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Research: 61% of companies have suffered an insider attack in last 12 months

61% of companies have reported at least one insider attack within the last year, and 22% of these companies have suffered at least six separate attacks during the same period, according to new research from Bitglass.

It comes as rapid migration to cloud and remote working and BYOD scenarios leave organisations increasingly vulnerable to insider attacks as a result of the upheaval caused by the COVID-19 pandemic.

The research comes from Bitglass' recently released 2020 Insider Threat Report, which surveyed IT professionals around the world around navigating the tightrope between budgetary considerations and data protection concerns.

Securing against insider threats has become one of the most challenging security concerns for companies, with most organisations being unable to guarantee that they can detect insider threats stemming from personal devices (82%) or the cloud (50%). A further 81% find it difficult to assess the impact of insider attacks.

The common practice of having multiple disjointed tools decreases the chances of speedy detection, according to the research. Having different tools with disparate levels of protection, security professionals spend an excessive amount of time managing each of the solutions individually.

As such, 49% of respondents stated that at least one week typically goes by before insider attacks are detected; additionally, 44% said that another week usually passes before the organisation recovers from the attacks.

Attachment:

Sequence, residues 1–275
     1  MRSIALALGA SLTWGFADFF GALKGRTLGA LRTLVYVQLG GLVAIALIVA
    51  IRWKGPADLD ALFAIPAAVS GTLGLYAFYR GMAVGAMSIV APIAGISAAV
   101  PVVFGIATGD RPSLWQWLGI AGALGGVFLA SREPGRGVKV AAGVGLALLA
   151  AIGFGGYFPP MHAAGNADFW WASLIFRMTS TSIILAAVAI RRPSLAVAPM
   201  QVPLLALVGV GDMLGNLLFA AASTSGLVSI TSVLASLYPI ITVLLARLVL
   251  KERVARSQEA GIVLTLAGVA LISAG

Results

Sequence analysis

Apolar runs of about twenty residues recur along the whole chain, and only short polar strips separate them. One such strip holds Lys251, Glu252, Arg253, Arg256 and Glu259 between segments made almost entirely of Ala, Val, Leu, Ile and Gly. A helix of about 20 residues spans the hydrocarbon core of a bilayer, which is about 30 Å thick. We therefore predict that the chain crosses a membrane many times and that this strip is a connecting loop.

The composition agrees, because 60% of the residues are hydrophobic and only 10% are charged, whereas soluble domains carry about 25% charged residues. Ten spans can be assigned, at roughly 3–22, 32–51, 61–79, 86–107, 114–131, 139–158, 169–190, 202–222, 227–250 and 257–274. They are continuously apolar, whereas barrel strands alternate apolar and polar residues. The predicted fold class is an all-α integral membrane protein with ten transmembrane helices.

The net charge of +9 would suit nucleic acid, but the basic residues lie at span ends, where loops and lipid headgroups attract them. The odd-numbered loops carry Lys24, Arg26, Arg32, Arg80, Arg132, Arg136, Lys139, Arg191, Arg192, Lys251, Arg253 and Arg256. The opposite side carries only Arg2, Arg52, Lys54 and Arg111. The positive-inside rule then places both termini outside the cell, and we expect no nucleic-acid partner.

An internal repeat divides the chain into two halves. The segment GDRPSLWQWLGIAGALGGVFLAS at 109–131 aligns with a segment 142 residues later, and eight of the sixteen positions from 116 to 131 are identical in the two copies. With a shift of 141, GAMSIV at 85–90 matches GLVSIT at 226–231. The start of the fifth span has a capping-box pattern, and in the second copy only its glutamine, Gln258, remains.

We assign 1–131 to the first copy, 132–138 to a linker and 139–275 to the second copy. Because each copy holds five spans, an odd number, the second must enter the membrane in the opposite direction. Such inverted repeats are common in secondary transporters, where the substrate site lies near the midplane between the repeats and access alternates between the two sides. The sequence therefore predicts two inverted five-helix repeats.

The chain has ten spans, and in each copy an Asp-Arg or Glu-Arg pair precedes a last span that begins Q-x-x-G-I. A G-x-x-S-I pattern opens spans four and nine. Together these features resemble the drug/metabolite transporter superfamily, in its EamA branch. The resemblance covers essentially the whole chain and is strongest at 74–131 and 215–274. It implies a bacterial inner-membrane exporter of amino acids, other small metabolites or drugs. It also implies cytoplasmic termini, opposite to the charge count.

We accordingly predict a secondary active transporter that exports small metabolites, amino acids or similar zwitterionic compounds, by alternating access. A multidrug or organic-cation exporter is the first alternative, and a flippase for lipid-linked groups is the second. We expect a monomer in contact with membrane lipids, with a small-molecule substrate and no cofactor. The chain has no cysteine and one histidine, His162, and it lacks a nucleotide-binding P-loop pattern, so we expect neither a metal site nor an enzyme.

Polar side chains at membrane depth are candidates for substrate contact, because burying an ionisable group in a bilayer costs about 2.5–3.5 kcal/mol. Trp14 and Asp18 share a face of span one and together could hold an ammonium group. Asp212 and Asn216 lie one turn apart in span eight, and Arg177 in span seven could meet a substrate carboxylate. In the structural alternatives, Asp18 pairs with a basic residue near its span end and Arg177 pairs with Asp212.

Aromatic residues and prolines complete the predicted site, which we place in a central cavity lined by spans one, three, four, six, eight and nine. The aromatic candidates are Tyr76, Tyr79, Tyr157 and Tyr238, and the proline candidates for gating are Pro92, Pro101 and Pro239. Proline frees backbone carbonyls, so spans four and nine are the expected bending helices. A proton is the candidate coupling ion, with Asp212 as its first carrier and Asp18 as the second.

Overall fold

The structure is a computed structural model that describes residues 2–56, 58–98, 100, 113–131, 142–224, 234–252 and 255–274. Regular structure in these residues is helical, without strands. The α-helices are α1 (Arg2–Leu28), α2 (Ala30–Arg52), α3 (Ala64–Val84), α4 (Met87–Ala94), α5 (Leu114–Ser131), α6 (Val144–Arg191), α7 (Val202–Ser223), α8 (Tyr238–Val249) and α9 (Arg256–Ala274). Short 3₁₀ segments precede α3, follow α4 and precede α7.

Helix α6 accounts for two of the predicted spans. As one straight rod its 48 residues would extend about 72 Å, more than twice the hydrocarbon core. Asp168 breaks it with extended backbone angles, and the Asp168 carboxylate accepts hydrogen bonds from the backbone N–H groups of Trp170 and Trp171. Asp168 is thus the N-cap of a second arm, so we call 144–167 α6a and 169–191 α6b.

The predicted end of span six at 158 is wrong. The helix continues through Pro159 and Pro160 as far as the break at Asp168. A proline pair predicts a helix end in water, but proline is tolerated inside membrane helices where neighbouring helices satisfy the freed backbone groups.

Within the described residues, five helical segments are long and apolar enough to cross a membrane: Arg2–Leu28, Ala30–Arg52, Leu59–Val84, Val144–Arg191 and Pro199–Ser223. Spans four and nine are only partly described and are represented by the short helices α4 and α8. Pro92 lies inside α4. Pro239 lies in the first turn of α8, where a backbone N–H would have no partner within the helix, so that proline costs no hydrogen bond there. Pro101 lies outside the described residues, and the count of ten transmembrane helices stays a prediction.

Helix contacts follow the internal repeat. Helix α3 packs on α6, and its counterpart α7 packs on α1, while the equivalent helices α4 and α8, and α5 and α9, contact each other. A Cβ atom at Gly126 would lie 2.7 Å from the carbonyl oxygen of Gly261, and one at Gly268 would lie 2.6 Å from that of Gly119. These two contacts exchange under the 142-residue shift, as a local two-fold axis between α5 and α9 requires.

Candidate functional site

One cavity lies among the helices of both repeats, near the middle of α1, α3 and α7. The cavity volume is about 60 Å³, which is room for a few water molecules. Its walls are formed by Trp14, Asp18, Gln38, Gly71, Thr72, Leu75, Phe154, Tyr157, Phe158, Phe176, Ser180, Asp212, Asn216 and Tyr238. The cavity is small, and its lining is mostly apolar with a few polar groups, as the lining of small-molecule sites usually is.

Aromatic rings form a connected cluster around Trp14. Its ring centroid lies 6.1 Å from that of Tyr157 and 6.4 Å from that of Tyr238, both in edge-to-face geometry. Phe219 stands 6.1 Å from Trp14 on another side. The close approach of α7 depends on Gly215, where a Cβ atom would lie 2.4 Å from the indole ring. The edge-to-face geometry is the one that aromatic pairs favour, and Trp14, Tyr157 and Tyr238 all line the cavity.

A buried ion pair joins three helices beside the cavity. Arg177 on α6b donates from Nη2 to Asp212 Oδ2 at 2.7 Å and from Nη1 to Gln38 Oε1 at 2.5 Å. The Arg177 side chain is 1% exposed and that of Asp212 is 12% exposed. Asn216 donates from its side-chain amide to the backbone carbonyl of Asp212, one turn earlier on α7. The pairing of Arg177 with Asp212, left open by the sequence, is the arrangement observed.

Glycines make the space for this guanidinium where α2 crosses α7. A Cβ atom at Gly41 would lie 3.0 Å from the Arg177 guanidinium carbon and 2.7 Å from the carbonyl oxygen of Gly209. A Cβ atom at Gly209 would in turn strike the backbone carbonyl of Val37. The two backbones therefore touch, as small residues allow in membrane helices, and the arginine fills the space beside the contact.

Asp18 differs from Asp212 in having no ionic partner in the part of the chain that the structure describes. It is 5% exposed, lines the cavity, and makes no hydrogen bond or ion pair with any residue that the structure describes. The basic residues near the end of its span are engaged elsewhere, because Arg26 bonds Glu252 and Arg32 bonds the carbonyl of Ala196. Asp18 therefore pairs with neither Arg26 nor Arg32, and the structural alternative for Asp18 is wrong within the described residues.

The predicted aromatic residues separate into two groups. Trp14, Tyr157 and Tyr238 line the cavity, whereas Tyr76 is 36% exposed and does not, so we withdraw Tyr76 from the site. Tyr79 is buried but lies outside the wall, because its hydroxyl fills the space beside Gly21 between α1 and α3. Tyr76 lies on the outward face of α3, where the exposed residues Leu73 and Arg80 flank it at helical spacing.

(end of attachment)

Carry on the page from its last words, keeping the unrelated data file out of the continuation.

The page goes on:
The growing threat of insider attack is exacerbating budgets that were already constrained before the pandemic, and security teams are increasingly being asked to do even more with less – 73% of companies' security budgets are decreasing or staying flat over the next year.

“Enterprises report that loss of critical data and disruption to business operations are the biggest repercussions of insider attacks,” says Bitglass chief technology officer Anurag Kahol.

“Along with brand damage, remediation costs, legal liabilities, and loss of revenue, these are serious ramifications that must be prevented.

“Enterprises need a multi-faceted security platform that is designed to monitor user behaviour, secure personal devices, deliver maximum uptime and cost savings, and prevent leakage on any interaction.

“Only then can they defend against insider threats.

The Bitglass report comes days after the company announced it had won a US patent for its SAML relay that helps to provide more transparency and real-time access control of cloud services.

SAML, which stands for security assertion markup language, has become popular in recent years as security vendors as an open standard for authentication and authorisation.

Bitglass designed its SAML relay to allow a cloud access security broker (CASB) to be inserted into the traffic flow between users and cloud services during the login process, all in a transparent manner.

Bitglass CEO Nat Kausik says, “This patent is further recognition that Bitglass is the architect of SAML relay and reverse proxy technology that all CASB vendors have imitated.

“For organisations that need transparent cloud security, the Bitglass CASB remains the solution of choice. Today, it is a core component of our SASE offering, along with our SmartEdge Secure Web Gateway and our zero trust network access.

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